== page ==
CMS to Reveal Physician Pay Starting Mid-March

Healthcare Training Resource
January 22, 2014 — 847 views  
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Soon, the information regarding physicians' Medicare payments will be a lot more transparent, courtesy of a change in policy as announced by CMS. While the officials had earlier blocked the release of the physicians' payment related data, so as to safeguard the physician's privacy, they recently decided on revising the policy.

CHS had released aggregated data and stats about Medicare spending, quality, utilization and other details about the quality of performance of healthcare providers, hospitals, and nursing homes, in 2002. In 2013, information regarding average charges related to most common 100 inpatient services in about 300 hospitals all over the nation was released. It released the average charges of certain 30 outpatient procedures last June.

The policy change move came after taking into account nearly 130 comments that pored over from over 300 organizations. CHS will evaluate each request now, to determine the physician Medicare payments for each case. The policy is said to go into effect in about 60 days from the time of publication. Along with this, CMS will create aggregate data records about physician services that will be made accessible to the public.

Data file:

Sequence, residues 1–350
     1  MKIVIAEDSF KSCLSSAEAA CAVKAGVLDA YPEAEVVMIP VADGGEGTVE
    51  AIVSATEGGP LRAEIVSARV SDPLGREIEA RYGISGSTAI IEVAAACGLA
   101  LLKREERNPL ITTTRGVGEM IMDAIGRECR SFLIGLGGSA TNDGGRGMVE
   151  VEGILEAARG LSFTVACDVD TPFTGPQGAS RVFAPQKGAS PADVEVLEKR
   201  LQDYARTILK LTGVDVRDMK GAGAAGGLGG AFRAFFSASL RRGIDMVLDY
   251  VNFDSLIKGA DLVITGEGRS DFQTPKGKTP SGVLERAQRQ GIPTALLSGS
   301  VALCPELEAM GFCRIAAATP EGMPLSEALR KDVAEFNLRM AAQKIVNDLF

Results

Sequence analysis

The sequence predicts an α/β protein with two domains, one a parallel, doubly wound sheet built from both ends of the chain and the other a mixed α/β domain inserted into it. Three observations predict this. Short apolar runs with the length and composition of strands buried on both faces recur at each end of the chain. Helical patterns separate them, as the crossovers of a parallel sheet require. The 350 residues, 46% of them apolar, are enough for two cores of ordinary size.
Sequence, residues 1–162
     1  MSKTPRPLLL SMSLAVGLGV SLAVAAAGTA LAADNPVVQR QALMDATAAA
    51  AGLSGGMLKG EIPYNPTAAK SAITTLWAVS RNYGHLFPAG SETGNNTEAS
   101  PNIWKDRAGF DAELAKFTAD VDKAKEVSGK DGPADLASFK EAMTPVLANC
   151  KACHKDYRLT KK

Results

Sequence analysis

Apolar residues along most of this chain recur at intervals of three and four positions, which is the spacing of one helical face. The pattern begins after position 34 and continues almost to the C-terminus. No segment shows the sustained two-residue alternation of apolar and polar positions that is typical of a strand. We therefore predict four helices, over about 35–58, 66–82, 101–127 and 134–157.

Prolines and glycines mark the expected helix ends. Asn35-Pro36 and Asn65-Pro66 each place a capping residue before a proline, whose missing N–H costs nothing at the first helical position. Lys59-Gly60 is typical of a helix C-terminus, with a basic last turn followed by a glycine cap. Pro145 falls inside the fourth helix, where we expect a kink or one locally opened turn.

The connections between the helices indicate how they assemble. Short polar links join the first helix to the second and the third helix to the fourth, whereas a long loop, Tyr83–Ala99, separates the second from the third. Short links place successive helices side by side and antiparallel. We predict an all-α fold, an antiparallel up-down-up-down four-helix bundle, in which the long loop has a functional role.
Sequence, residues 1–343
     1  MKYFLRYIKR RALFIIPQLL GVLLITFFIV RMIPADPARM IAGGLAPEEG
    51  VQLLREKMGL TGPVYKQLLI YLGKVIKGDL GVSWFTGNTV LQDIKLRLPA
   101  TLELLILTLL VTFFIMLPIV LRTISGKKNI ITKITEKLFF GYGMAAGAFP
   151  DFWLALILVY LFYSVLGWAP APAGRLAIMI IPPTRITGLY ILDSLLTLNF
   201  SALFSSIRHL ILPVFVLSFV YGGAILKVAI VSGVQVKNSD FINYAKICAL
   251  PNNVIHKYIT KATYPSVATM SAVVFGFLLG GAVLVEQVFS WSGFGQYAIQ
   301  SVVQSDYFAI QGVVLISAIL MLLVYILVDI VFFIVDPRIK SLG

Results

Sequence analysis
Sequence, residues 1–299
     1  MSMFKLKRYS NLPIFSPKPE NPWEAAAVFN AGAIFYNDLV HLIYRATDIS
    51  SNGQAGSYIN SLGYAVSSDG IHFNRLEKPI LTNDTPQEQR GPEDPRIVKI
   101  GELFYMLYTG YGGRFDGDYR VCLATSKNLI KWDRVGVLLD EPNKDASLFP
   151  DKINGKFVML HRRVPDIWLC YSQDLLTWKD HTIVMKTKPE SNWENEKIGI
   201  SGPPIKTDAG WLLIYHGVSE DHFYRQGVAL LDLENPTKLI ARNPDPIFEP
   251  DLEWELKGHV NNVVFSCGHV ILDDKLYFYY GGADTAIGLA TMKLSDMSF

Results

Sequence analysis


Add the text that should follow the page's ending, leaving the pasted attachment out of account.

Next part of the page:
How Does the Policy Help?

CMS says that, the revised policy and the increased transparency that comes with it can be beneficial to:

  • Providers- who want to collaborate and improve the healthcare system, along with delivering services at affordable low costs.
  • Consumers- so they get a reliable and tangible measure of the performance and quality of the provider, letting them make an informed choice, along with encouraging competition and innovation amongst providers.
  • Journalists- in detecting fraudulent and unsafe practices.

Stakeholders have raised concerns over data integrity issues, which CMS understands. It is determining a way to maintain transparency in the physician payment data while protecting their privacy to prevent cases of potential data misuse.

What Physicians Have to Say

Physicians' association representatives said that they're reviewing the policy, although they support the cause of improving transparency and access to Medicare records, while it is placed it is in context. Some physicians have welcomed it with open arms as they have been an active part of the process by supporting a renewal in the policy to achieve transparency in Medicare billing records. They stress on the importance of the data being released in appropriate context too, as drawing conclusions from the numbers may not always add up.

Healthcare Training Resource